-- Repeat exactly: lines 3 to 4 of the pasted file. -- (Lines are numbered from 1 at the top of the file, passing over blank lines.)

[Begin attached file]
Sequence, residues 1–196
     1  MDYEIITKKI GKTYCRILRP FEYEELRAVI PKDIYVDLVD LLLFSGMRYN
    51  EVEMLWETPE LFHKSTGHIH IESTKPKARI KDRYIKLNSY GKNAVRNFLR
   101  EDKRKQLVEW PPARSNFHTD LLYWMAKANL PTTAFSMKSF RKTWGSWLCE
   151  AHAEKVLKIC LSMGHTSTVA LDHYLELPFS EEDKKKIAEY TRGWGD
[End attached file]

    51  EVEMLWETPE LFHKSTGHIH IESTKPKARI KDRYIKLNSY GKNAVRNFLR
   101  EDKRKQLVEW PPARSNFHTD LLYWMAKANL PTTAFSMKSF RKTWGSWLCE